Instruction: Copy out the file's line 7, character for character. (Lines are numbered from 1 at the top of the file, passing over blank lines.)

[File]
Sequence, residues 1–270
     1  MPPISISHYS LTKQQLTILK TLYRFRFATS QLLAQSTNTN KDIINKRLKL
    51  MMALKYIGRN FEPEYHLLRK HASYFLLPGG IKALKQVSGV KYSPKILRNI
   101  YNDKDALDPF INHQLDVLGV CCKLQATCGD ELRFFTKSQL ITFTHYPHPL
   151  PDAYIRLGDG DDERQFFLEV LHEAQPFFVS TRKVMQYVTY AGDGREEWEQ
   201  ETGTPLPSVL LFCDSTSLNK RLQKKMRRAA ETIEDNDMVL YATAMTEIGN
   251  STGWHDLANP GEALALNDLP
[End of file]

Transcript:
   251  STGWHDLANP GEALALNDLP